It will probably be Andre Gomes (#8), Gylfi Sigurdsson (#10) and one more who start in midfield for the Toffees. If Gueye is fit, it’ll be him. If not, Tom Davies, who started against Huddersfield, will be in line for another starting berth. Those three against Ruben Neves, Leander Dendoncker and Joao Moutinho will be a fascinating battle. Dendoncker, who doesn’t get nearly enough credit, acts as Moutinho’s and Neves’ chaperone and allows both of them to play the game they’re so good at doing.
From the above image, it is evident that Richarlison (#30) and Theo Walcott (#11) provide width rather than acting as inside forwards. Something that Wolves’ back three should be wary of, especially with Nuno’s tactical outlook set up to bomb the wing-backs forward, is getting pulled to one side and midfield runners occupying the space vacated.
This is very much how I envisage the momentum playing out tomorrow. Wolves, much like Leicester, will be more than happy to relinquish possession of the ball to the hosts. Nuno’s side operate much better on the counter-attack and do really struggle in games where they face teams who sit deep such as Watford, Brighton, Huddersfield. Considering Wolves’ tendency to concede goals from set pieces, Everton’s best chance of scoring could well be from a corner or a dangerous free kick.
Everton had more than enough chances against Claude Puel’s side. However, their highest chance on the xG scale was 0.13 which give us two facts. Firstly, Leicester defended admirably. Secondly, despite their volume of chance Everton didn’t create anything clear cut.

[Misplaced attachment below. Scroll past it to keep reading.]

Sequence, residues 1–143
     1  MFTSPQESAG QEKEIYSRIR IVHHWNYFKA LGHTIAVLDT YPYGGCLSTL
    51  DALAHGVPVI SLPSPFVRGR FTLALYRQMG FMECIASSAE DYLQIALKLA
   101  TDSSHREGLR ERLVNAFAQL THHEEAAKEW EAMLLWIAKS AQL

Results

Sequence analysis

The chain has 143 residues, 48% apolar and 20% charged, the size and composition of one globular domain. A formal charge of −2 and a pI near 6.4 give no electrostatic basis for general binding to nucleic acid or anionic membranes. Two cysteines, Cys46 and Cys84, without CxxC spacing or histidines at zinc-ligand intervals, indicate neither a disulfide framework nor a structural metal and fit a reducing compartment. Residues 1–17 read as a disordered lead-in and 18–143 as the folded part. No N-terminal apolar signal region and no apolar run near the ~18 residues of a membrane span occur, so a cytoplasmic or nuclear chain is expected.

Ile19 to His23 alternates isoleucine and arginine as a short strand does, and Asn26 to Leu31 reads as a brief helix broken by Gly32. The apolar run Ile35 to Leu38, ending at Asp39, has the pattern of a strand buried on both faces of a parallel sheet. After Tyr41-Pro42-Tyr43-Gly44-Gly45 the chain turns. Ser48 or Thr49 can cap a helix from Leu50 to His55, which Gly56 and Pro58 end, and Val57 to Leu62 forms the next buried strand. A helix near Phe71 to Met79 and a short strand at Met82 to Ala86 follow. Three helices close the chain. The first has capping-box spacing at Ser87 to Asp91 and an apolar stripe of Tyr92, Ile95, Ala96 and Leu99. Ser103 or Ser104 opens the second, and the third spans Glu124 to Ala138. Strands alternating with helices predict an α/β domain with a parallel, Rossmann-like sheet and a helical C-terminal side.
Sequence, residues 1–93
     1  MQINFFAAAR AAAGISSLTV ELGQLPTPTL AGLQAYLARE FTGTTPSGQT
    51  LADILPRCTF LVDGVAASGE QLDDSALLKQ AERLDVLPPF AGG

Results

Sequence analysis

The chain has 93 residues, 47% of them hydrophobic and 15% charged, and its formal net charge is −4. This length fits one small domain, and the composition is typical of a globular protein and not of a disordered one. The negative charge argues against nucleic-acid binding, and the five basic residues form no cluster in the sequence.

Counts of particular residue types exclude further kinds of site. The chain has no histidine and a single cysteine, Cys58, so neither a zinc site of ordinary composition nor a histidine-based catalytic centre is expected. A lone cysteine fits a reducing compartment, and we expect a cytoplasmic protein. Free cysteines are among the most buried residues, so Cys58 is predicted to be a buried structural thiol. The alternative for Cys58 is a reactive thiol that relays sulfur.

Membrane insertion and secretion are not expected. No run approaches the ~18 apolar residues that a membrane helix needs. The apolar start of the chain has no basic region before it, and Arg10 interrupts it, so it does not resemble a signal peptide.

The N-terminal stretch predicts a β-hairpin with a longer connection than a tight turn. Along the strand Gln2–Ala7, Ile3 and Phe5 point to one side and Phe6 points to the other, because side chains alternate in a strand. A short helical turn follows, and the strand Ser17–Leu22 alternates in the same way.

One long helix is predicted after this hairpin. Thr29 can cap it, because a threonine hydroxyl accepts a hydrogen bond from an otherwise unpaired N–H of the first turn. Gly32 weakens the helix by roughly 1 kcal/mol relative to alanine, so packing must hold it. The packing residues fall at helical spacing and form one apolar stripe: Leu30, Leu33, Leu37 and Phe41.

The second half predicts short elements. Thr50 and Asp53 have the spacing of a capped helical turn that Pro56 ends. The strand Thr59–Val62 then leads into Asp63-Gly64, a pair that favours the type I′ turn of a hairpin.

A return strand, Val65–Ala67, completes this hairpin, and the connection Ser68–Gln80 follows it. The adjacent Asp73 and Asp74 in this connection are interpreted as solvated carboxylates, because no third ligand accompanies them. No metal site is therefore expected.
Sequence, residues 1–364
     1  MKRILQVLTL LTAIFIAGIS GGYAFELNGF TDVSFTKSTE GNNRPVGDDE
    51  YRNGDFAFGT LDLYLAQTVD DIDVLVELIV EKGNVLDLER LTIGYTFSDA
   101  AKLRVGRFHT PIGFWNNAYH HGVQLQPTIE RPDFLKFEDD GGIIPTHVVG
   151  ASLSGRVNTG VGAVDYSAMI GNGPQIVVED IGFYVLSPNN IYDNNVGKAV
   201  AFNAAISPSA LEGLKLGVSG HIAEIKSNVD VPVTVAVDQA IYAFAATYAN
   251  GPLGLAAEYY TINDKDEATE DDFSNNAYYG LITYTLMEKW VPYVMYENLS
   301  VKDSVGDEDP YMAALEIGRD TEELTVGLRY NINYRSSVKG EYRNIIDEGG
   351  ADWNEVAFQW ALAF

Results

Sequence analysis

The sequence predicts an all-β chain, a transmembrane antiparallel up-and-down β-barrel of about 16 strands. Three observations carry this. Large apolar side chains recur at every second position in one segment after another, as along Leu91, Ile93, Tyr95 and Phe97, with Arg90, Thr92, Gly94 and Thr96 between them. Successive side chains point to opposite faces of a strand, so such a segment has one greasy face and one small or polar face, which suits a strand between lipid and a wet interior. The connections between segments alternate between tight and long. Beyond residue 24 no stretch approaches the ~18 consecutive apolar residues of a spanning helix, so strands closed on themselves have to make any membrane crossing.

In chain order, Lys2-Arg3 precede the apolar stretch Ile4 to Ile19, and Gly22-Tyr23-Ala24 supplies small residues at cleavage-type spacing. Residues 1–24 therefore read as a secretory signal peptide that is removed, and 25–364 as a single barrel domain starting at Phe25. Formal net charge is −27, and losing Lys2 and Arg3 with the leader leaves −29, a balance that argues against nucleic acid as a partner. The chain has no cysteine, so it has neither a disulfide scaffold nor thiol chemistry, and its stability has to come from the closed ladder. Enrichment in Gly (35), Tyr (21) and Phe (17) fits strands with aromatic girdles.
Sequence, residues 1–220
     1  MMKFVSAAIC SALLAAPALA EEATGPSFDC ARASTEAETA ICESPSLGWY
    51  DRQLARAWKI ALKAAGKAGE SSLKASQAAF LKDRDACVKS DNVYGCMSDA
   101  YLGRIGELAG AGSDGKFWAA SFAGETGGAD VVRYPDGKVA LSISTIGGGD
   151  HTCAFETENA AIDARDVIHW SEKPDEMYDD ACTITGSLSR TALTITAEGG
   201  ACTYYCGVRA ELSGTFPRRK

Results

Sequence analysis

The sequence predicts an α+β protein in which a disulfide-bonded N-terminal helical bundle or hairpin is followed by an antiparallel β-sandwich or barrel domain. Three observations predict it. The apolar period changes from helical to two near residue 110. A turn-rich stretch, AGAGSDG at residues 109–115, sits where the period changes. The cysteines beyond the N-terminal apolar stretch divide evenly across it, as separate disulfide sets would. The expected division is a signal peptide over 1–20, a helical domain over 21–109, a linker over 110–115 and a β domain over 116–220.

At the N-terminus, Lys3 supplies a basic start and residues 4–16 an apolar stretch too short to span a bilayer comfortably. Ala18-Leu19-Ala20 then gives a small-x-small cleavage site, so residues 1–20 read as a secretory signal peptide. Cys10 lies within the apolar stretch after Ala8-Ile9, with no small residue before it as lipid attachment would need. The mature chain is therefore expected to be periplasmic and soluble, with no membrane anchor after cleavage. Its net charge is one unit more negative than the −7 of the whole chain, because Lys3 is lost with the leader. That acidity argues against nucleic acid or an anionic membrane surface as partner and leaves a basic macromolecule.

Looking at it from Wolves’ defensive point of view, there were 14 attempts inside the penalty area for Everton. From that 14, five of them came from set pieces. As we highlighted earlier, Wolves have conceded many of their goals from set pieces. If Silva’s side can replicate the number of attempts against the Black Country side, there’s a high possibility that at least one will find its way past Rui Patricio.
Leicester’s efforts were few and far between but clearly the biggest chance of the game was Leicester’s goal (0.33 xG). That all came about from a lack of concentration from Kurt Zouma, as you can see below.
Zouma gifts half a yard
Neither Zouma nor Keane cover themselves in glory with this goal. When you throw Diogo Jota and Raul Jimenez’s red hot form into the mixer, Zouma and Keane’s lack of cohesion could prove problematic for The Toffees.
West Ham really struggled against Wolves’ shape and they also played with four at the back, so it all depends on how Marco Silva views the game: play to win or play not to lose? It will be a dangerous game, especially if you play the wrong hand at the wrong time. An intriguing matchup awaits.
Both sides will want to win this game to send a message to the others in the mini-league. When they met on the opening day of the season at Molineux, it finished 2-2. Nevertheless, both sides have come a long way since then and if anyone manages to predict the right score, they’re a better person than I am. For the record, I’m going Everton 1-3 Wolves.
Until the next time.